Black law students at Washington and Lee University, under a new group called “The Committee,” have asked Washington and Lee University to take a series of steps to address “the racist and dishonorable conduct of Robert E. Lee.” Lee served as president of the university after the Civil War, and has historically been revered at the institution. The Committee is calling on the university to observe the Martin Luther King Day as a formal day off, to stop allowing “neo-confederates to march on campus with Confederate flags on Lee-Jackson day,” and to formally apologize “for the university’s participation in chattel slavery” and “Robert E. Lee’s participation in slavery.”

The “Recumbent Lee” statue at Washington and Lee University in Lexington, Virginia.  In retirement, Lee was president of what was then Washington College, and at his death, this statue, depicting Lee asleep on the battlefield, was created by Edward Valentine.  It is often mistakenly identified as his tomb, understandably, since he is buried beneath the chapel. Lee's faithful, battle-hardened horse, Traveller, is interred outside.

The “Recumbent Lee” statue at Washington and Lee University in Lexington, Virginia. In retirement, Lee was president of what was then Washington College, and at his death, this statue, depicting Lee asleep on the battlefield, was created by Edward Valentine. It is often mistakenly identified as his tomb, understandably, since he is buried beneath the chapel. Lee’s faithful, battle-hardened horse, Traveller, is interred outside.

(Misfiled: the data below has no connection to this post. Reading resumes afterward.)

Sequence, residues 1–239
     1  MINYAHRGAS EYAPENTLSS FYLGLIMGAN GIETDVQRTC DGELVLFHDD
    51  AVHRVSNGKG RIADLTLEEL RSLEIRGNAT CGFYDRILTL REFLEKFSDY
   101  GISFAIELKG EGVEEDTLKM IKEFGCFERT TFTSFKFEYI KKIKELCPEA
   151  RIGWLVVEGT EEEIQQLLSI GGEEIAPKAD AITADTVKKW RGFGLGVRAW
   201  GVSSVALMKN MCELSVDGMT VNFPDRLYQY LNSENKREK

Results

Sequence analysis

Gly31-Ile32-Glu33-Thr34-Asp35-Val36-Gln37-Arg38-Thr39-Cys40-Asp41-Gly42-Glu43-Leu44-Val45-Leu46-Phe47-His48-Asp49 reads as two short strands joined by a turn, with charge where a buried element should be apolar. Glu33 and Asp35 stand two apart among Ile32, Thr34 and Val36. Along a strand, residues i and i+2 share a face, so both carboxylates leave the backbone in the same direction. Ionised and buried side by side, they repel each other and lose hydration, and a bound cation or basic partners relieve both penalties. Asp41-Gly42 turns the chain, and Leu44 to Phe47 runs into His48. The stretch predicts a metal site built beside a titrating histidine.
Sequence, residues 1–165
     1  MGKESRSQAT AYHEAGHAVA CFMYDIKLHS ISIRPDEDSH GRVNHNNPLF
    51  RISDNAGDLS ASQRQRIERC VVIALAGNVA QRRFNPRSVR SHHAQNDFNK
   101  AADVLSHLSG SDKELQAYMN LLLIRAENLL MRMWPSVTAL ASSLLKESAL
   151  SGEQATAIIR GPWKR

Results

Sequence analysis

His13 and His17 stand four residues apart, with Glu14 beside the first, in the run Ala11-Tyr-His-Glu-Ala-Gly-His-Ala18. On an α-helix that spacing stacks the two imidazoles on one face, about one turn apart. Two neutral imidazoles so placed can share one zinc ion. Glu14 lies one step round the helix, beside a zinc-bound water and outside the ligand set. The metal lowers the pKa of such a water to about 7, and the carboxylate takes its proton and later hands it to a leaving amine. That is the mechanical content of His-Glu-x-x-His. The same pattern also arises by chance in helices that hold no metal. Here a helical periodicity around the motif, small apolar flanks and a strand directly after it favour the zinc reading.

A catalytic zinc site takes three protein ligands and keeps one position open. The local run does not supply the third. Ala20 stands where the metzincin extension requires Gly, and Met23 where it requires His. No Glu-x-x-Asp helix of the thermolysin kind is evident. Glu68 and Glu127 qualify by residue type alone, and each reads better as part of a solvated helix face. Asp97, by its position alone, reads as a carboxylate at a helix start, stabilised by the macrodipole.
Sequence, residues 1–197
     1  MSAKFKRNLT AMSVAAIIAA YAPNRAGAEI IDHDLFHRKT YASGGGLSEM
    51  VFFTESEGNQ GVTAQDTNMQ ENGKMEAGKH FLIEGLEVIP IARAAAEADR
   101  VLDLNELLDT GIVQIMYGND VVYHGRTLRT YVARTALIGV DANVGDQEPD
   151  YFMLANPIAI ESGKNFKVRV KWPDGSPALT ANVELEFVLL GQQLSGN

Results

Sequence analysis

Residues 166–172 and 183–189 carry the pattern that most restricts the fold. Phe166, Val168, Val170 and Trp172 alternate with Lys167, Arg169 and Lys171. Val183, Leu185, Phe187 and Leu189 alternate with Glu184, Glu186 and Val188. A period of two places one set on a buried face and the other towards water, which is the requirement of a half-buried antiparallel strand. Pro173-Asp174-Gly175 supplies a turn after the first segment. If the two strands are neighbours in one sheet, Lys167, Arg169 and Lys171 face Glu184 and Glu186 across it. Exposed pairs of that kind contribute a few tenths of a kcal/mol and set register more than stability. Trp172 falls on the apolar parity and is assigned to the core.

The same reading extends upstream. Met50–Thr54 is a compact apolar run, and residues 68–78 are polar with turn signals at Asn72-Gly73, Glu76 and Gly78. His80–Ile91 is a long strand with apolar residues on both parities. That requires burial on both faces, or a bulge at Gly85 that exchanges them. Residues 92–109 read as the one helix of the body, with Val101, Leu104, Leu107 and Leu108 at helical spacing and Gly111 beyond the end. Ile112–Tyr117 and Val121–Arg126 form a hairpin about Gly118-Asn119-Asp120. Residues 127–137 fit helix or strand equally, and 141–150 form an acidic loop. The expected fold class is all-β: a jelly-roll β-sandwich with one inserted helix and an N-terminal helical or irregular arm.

A statement from the university noted that it does hold events to mark Martin Luther King Day every year, and that a decision to call off classes would have to be made by the faculty. The statement does not go into a detailed response on the other demands, but says that the university welcomes discussion on these issues and that “in terms of the other issues that the students have raised, we will give them all careful consideration.”

In 2012, during an earlier debate about the Lee legacy at the university, the institution’s president, Kenneth P. Ruscio, wrote an essay for Inside Higher Ed in which he argued for a balanced view of the general. “Lee was a dignified, humble man. His sense of duty and honor would cause him to cringe if he ever became the subject of idolatry or the embodiment of myth,” Ruscio wrote. “Blindly, superficially and reflexively rushing to his defense is no less an affront to history than blindly, superficially and reflexively attacking him. What he needs, what he deserves, and what his record can withstand is the honest appraisal of those who have not made up their minds, who can appreciate the man with all his complexities and contradictions. History is indeed not kind enough to present us with simple morality tales.”

Inside Higher Ed



I first heard about this story on one of the Southern Heritage Facebook pages, but now a group of black law students at Washington & Lee University, who are demanding that their university distance itself from its Confederate past is gaining some traction [and here]. This push comes on the heels of the steps taken by the city of Lexington to limit the display of the Confederate flag on public property.

The group of students, who call themselves “The Committee” have published a list of demands that includes a formal recognition of MLK Day and an apology from the university for its participation in slavery. They are on shakier ground, in my opinion, with the following two demands.

2. We demand that the University stop allowing neo-confederates to march on campus with confederate flags on Lee-Jackson Day and to stop allowing these groups to hold programs in Lee Chapel.

3. We demand that the University immediately remove all confederate flags from its property and premises, including those flags located within Lee Chapel.